• Chapter 3: Service-enabling existing systems: Looks at a number of key technology adapters and how we can use them to service-enable existing systems.
  • Chapter 4: Loosely coupling services: Describes how we can use the Oracle Service Bus to build services that are implementation-agnostic.
  • Chapter 5: Building composite services and business processes: Covers how to use BPEL to assemble services to build composite services and long-running business process.
  • Chapter 6: Adding in human workflow: This chapter looks at how human tasks can be managed through workflow activities embedded within a BPEL process.
  • Chapter 7: Using business rules to define decision points: This chapter introduces business rules and how we can use them to externalize “decision points” in a BPEL process.
  • Chapter 8: Building real-time dashboards: This chapter looks at how Business Activity Monitoring (BAM) can be used to give business users a real-time view into how business processes are performing.

Section 2 Putting it all together

  • Chapter 9: oBay introduction: Provides a blueprint for our SOA architecture, highlighting some of the key design considerations and describing how they fit our architecture for oBay.
  • Chapter 10: Designing the service contract: Gives guidance on how to design XML schemas and service contracts for improved agility, reuse, and interoperability.
  • Chapter 11: Building business services: Examines different approaches for building new business services either from scratch or by re-using existing logic.
  • Chapter 12: Building validation into services: Examines how we can implement validation within a service using XSD validation, Schematron, and Business Rules.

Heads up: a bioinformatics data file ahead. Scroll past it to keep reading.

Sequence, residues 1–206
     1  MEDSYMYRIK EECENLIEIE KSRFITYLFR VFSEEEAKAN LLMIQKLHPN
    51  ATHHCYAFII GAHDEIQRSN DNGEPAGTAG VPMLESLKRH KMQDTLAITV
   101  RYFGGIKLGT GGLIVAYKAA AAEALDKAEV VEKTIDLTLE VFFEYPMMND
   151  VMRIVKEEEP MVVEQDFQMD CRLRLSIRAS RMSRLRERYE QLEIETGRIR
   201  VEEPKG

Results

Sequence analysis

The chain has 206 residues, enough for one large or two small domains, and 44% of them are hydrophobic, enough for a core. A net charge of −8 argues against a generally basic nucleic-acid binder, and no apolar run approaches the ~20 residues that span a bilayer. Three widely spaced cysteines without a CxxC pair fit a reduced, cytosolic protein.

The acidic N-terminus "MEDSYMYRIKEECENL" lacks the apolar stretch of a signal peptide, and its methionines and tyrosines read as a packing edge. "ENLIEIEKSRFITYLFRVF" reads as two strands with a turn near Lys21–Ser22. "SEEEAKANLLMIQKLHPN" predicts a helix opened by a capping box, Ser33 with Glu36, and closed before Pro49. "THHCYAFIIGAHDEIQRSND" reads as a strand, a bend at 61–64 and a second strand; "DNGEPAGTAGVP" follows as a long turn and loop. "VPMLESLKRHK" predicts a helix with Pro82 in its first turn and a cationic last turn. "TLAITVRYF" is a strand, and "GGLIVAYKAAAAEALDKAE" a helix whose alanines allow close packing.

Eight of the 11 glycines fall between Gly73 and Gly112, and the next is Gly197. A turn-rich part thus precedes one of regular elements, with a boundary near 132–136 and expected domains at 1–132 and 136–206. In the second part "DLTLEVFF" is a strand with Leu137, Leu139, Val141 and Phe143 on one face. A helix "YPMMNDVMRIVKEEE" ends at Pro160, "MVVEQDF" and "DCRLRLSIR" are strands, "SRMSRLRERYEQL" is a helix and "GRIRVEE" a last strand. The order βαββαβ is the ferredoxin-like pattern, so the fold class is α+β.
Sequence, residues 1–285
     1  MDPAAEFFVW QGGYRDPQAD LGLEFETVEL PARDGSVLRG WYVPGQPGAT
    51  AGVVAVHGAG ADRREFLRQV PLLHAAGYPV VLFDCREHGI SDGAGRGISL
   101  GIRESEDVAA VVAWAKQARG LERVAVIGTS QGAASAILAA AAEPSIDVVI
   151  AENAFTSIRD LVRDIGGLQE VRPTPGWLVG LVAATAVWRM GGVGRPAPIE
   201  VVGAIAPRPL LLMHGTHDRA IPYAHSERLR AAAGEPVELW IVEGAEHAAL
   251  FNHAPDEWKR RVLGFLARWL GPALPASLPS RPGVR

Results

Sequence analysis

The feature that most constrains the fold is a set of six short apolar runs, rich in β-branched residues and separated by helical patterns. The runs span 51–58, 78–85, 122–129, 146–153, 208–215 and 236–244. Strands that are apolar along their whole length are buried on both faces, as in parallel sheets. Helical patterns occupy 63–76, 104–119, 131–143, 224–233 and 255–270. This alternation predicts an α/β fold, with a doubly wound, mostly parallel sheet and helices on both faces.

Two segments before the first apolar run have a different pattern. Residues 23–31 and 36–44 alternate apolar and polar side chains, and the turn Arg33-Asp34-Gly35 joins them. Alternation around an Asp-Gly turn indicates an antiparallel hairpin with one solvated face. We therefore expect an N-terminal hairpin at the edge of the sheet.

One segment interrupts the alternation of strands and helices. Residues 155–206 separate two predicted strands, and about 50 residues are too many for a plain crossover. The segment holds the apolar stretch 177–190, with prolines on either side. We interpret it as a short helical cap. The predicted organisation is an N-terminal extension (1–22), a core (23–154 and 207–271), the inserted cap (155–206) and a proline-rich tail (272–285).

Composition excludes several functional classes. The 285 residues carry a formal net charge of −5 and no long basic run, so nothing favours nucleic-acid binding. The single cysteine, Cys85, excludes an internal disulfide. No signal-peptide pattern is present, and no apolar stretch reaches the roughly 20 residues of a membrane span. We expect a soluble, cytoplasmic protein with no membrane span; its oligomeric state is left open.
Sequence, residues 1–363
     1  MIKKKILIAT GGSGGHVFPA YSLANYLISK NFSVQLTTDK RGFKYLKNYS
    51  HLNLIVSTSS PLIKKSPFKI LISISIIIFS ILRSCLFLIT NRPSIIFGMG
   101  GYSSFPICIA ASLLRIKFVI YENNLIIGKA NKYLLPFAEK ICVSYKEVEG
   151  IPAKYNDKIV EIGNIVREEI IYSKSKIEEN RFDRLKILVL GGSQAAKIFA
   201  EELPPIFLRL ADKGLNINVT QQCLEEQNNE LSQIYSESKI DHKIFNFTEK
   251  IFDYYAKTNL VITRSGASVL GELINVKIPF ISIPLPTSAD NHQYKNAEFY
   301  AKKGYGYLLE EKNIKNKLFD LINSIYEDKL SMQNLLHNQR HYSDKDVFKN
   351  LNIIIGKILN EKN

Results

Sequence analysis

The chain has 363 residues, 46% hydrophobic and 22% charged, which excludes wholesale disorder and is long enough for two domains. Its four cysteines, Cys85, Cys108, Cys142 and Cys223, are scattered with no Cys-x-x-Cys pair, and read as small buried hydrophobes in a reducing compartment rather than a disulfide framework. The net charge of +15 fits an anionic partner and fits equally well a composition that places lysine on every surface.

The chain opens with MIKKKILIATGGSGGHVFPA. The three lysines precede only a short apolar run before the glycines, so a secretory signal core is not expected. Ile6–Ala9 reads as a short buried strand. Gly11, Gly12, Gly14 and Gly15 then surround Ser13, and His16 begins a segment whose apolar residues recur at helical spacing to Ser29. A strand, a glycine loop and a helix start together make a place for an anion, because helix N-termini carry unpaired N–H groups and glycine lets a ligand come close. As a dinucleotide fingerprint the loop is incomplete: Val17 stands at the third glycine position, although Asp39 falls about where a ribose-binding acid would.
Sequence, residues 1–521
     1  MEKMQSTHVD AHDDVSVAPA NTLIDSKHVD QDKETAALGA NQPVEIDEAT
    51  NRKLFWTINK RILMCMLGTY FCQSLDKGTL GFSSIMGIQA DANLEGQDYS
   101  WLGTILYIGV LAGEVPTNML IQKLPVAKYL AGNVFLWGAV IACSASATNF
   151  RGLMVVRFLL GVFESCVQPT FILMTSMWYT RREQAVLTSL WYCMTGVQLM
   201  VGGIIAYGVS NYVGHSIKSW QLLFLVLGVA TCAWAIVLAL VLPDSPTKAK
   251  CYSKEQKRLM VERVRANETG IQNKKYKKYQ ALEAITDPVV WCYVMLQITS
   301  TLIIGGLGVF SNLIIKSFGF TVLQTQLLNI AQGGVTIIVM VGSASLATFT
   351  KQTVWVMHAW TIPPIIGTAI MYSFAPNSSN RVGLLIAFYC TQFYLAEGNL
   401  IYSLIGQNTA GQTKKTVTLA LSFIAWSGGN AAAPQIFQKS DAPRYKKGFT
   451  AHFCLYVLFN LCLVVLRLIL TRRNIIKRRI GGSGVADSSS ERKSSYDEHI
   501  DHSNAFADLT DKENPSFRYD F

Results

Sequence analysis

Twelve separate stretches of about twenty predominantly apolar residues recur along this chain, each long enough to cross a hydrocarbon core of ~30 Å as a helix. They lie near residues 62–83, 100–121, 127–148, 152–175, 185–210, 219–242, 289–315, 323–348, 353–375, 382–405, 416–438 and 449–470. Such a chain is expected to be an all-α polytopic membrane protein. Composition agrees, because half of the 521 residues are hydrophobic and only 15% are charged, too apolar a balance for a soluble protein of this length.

• Chapter 13: Error handling: This chapter examines strategies for handling system and business errors, with detailed coverage of the BPEL Fault Management Framework.
  • Chapter 14: Message interaction patterns: Covers complex messaging interactions, including multiple requests and responses, timeouts, and message correlation (both system and business).
  • Chapter 15: Workflow patterns: Looks at how to implement workflows involving complex chains of approval and how to use the Workflow Service API.
  • Chapter 16: Using business rules to implement services: Here we look at the Rules engine’s inferencing capabilities, and how we can use them to implement types of business services.
  • Chapter 17: The importance of bindings: Looks at the protocols available in addition to SOAP over HTTP for invoking web services and the advantages they provide.

Section 3 Other considerations

  • Chapter 18: Packaging and deployment: Examines how to package up a SOA application for deployment into environments such as test and production.
  • Chapter 19: Testing composite applications: Looks at how to create, deploy, and run test cases that automate the testing of composite applications.
  • Chapter 20: Defining security and management policies: Details how to use Web Service Manager to secure and administer SOA applications.

You can order the book at Packt

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About Eric Elzinga
Eric Elzinga I'm an integration consultant located in The Netherlands. Mainly doing projects based on Oracle integration stacks (Oracle SOA Suite/Oracle Service Bus (OSB)), Java development, and opensource integration products.

3 Responses to Book review : Oracle SOA Suite Developer’s Guide

  1. Thanks for the complementary review.

  2. Wonderful post for detail explaination and information of Oracle SOA suite developer guide. Is there any book available for DBA of SOA suite?

  3. Pingback: Book review : Oracle SOA Suite Developer's Guide | Oracle .. Java .. OpenSource .. SOA